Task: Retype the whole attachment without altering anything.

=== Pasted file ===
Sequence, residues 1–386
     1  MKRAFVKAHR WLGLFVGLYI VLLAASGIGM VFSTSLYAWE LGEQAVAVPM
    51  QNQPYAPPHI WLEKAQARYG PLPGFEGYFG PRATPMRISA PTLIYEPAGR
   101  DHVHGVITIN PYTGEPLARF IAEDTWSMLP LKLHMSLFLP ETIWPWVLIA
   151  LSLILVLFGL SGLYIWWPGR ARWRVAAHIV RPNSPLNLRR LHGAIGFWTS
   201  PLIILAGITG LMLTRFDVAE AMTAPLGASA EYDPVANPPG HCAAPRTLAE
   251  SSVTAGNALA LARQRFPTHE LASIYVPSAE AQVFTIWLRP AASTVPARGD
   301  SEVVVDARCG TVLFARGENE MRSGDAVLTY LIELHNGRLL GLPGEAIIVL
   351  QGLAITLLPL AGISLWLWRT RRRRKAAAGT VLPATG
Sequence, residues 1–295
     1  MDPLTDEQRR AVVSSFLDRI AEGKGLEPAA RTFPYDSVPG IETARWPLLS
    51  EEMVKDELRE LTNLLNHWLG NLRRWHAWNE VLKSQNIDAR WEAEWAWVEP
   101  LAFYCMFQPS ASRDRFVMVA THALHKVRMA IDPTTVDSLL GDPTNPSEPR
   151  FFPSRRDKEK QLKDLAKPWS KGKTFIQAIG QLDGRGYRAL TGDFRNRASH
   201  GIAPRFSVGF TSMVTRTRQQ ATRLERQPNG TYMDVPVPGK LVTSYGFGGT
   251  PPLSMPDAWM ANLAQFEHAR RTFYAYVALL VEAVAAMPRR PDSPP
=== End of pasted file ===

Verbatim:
Sequence, residues 1–386
     1  MKRAFVKAHR WLGLFVGLYI VLLAASGIGM VFSTSLYAWE LGEQAVAVPM
    51  QNQPYAPPHI WLEKAQARYG PLPGFEGYFG PRATPMRISA PTLIYEPAGR
   101  DHVHGVITIN PYTGEPLARF IAEDTWSMLP LKLHMSLFLP ETIWPWVLIA
   151  LSLILVLFGL SGLYIWWPGR ARWRVAAHIV RPNSPLNLRR LHGAIGFWTS
   201  PLIILAGITG LMLTRFDVAE AMTAPLGASA EYDPVANPPG HCAAPRTLAE
   251  SSVTAGNALA LARQRFPTHE LASIYVPSAE AQVFTIWLRP AASTVPARGD
   301  SEVVVDARCG TVLFARGENE MRSGDAVLTY LIELHNGRLL GLPGEAIIVL
   351  QGLAITLLPL AGISLWLWRT RRRRKAAAGT VLPATG
Sequence, residues 1–295
     1  MDPLTDEQRR AVVSSFLDRI AEGKGLEPAA RTFPYDSVPG IETARWPLLS
    51  EEMVKDELRE LTNLLNHWLG NLRRWHAWNE VLKSQNIDAR WEAEWAWVEP
   101  LAFYCMFQPS ASRDRFVMVA THALHKVRMA IDPTTVDSLL GDPTNPSEPR
   151  FFPSRRDKEK QLKDLAKPWS KGKTFIQAIG QLDGRGYRAL TGDFRNRASH
   201  GIAPRFSVGF TSMVTRTRQQ ATRLERQPNG TYMDVPVPGK LVTSYGFGGT
   251  PPLSMPDAWM ANLAQFEHAR RTFYAYVALL VEAVAAMPRR PDSPP